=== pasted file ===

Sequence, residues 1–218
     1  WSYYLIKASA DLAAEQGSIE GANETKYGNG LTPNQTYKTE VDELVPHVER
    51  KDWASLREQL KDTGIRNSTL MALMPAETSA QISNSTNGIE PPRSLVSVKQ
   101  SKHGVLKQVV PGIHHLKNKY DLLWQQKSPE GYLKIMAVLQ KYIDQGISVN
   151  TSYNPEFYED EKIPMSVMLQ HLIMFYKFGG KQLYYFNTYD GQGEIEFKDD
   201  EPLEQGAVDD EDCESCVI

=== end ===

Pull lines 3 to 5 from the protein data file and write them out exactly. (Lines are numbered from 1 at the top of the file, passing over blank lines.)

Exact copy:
    51  KDWASLREQL KDTGIRNSTL MALMPAETSA QISNSTNGIE PPRSLVSVKQ
   101  SKHGVLKQVV PGIHHLKNKY DLLWQQKSPE GYLKIMAVLQ KYIDQGISVN
   151  TSYNPEFYED EKIPMSVMLQ HLIMFYKFGG KQLYYFNTYD GQGEIEFKDD